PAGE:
Diary of an English Vineyard
(by Jonica Fox)
Part 3 of Jonica’s blog about life on a newly established English vineyard sees 5,600 vines get planted before lunch (with the help of lasers and Carl the butcher), while there’s also an exciting tasting of the new wines…
A bit of background (by peter)
When Jonica Fox tired of working in media and public service she jacked it all in and retrained in wine.
With a BSc (Hons) from Plumpton in viticulture and winemaking firmly under her belt, she and her fizz-loving husband Gerard took the plunge and set up their own vineyard near their home in the stunning High Weald. They now run two vineyards either side of the village of Mayfield in East Sussex, planted to classic Champagne varieties Chardonnay, Pinot Noir and Pinot Meunier, from which they aim to make high-quality sparkling wine.
This is their story, told month-by-month through the changing landscapes of a vineyard in southern England.
Part 3 – April 2011 (text and photos by Jonica)
Just like that…
Of course, we’d been months in the planning and preparation. Our vines were chosen last autumn, careful attention paid to selecting clones of the various Pinots (Noir, Gris and Meunier) before picking those that best suit our soils, aspect and microclimates and to give some complexity to the eventual wines.
These get grafted onto rootstocks that protect the vines from phylloxera – the evil aphid that wiped out so many European vineyards a century-and-a-half ago.
The vines arrive in boxes as bare-root plants. I shifted them quickly from pallet to car and down to the village load by load where they were stored in the butcher’s cold store at between four and six degrees to stop them sprouting buds before they are planted.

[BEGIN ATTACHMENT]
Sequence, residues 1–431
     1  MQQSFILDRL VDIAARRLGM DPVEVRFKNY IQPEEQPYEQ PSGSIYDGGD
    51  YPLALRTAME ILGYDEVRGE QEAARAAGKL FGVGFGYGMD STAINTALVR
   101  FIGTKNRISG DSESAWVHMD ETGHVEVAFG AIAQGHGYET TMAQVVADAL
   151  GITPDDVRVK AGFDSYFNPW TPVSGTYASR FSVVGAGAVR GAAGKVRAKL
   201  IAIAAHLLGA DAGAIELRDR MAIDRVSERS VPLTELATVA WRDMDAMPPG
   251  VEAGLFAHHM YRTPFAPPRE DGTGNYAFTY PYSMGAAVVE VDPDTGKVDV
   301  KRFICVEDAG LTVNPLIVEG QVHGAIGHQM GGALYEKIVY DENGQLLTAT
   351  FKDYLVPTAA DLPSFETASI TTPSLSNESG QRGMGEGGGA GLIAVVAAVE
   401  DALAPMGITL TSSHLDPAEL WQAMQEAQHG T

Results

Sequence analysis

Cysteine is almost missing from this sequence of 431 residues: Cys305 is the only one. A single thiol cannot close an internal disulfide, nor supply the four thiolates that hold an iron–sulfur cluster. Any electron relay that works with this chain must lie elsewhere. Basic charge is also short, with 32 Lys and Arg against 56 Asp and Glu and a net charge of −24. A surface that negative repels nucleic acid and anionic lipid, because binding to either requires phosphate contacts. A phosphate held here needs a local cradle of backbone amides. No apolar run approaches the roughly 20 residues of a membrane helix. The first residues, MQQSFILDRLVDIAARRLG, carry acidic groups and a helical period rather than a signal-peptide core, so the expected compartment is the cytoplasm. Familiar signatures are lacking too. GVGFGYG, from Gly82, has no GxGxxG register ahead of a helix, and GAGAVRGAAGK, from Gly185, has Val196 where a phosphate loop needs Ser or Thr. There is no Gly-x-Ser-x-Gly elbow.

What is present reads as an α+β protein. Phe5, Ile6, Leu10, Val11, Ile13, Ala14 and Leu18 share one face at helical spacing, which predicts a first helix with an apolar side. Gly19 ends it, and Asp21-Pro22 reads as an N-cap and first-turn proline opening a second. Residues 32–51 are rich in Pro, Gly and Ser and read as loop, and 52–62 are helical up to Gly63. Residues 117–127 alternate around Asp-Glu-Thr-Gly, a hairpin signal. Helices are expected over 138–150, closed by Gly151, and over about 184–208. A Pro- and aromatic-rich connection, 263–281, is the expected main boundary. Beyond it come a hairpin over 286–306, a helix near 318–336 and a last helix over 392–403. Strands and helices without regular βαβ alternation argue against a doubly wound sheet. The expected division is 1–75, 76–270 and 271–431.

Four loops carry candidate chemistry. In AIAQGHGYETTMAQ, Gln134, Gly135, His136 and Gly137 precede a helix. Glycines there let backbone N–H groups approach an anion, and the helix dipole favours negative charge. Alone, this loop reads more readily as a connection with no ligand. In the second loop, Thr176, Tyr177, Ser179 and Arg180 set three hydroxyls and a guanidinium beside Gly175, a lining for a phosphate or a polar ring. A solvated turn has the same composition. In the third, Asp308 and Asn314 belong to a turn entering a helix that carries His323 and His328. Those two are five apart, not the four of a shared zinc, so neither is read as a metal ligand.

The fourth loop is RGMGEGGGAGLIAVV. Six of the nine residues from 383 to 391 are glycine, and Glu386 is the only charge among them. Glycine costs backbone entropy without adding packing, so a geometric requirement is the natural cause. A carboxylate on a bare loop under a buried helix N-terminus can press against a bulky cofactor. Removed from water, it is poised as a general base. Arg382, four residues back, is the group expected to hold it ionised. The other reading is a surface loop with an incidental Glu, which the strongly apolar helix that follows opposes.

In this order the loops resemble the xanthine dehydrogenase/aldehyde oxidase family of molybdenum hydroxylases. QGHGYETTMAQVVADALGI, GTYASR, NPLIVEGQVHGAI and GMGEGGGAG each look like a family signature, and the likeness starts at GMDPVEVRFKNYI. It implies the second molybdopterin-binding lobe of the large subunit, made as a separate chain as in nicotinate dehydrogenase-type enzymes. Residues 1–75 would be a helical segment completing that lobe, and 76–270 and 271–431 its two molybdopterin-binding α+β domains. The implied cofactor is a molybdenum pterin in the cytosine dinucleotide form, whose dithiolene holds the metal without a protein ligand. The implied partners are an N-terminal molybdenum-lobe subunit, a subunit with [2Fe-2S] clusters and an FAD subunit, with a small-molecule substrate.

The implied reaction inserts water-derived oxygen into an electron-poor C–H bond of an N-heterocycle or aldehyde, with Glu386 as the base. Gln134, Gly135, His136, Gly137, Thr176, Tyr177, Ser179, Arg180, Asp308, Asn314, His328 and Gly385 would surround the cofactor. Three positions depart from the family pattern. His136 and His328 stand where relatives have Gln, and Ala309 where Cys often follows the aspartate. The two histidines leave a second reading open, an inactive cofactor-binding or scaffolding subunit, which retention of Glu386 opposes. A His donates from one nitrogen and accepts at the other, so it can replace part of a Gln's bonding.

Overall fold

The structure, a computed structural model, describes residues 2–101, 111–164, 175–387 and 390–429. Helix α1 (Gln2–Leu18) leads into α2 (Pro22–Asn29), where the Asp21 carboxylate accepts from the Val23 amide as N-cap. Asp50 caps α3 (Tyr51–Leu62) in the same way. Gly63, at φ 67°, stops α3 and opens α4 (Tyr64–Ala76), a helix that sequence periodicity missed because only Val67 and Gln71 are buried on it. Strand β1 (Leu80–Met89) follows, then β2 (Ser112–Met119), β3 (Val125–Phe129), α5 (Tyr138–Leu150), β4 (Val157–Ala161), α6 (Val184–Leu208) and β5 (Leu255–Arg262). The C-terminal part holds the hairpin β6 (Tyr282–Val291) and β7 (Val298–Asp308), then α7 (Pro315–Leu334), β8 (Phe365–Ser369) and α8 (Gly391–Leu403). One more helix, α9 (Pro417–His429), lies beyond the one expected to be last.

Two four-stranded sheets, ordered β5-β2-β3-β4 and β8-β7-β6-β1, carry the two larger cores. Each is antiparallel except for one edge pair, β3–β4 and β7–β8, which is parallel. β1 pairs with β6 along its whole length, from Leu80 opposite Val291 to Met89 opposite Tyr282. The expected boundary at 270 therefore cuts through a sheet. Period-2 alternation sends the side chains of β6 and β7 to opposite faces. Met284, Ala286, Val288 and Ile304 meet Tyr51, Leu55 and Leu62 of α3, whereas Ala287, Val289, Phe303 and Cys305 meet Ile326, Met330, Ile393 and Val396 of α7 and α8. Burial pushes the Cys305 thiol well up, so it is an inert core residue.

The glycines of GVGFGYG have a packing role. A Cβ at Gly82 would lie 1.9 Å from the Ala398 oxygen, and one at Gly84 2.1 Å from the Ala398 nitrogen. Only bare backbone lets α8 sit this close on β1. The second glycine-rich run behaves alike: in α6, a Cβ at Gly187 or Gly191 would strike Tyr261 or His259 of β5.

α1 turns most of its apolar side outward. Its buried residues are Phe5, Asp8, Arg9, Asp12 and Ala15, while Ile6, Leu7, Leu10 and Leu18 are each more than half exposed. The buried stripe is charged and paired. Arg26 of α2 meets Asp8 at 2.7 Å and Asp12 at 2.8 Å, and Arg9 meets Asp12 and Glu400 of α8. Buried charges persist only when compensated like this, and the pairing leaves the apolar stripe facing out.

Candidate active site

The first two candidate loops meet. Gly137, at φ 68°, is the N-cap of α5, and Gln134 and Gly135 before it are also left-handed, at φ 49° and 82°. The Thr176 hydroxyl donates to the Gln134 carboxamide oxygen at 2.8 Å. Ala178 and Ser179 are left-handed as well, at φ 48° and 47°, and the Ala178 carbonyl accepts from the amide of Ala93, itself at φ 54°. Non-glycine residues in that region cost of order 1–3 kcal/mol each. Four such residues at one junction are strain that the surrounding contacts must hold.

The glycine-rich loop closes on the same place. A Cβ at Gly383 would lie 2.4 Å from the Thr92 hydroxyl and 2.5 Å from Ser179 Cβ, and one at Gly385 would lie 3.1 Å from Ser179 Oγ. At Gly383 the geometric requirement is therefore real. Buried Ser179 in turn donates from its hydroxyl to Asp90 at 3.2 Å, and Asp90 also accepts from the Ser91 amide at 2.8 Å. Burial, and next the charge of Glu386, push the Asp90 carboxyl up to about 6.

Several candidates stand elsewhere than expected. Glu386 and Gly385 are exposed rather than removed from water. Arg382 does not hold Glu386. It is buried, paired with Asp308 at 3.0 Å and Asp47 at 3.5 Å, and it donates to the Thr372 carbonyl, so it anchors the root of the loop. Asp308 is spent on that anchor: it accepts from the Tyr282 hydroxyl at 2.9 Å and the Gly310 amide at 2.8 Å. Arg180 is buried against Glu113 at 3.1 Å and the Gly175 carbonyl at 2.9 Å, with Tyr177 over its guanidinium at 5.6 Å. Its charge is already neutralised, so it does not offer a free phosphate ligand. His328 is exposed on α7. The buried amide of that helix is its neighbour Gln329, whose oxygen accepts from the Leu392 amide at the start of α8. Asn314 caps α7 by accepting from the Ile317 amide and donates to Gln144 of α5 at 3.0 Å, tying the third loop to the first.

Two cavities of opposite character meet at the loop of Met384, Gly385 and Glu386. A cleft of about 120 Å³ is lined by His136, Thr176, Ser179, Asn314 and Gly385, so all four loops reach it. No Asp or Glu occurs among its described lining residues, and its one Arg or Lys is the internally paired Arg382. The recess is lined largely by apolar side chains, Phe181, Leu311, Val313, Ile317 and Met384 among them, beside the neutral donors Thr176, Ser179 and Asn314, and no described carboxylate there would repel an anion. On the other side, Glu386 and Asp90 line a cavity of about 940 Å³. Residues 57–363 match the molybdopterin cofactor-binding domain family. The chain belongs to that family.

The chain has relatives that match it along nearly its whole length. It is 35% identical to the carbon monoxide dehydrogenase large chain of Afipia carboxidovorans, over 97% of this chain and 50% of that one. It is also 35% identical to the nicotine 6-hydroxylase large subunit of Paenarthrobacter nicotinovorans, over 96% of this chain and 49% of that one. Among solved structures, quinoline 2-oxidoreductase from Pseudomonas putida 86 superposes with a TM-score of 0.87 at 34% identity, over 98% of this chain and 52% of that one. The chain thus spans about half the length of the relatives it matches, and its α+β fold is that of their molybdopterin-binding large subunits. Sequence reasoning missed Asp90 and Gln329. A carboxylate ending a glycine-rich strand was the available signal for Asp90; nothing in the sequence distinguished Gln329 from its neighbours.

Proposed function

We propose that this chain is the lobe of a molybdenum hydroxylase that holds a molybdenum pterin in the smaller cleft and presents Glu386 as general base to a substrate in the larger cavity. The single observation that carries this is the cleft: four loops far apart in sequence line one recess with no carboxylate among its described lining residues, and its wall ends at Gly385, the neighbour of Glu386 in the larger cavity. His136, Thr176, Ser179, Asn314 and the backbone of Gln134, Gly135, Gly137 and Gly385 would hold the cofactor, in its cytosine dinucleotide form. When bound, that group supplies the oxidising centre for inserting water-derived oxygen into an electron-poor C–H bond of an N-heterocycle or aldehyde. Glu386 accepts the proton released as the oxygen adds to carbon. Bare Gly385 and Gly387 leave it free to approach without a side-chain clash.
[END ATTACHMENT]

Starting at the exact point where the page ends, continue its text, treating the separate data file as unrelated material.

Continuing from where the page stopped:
The field had been spread with chalk and fertilizer and harrowed to a fine tilth the evening before. Dry on the top after six rainless weeks but plenty of moisture below the surface to give the vines a start.
We plant by machine. Our planting team come from Germany, always with some tractor-drama in play by the time they have crossed the channel. Often, it’s a key part breaking – last year the challenge was to find a forge-with-welder-working open on a Saturday afternoon. This year, a tyre shreds. We call every farm-tyre supplier in the South East to try to find a rare road/field tyre for a JCB Fast-trac when the sun is shining, there’s the Royal Wedding and we are in the midst the longest bank holiday ever.
They still have no spare tyre.
The Fast-trac is fitted with GPS and laser guidance. Once the first line is laid across the headland, each row will run perfectly parallel, 2.20-metre alley width, 1.28m between each vine. All in absolute symmetry.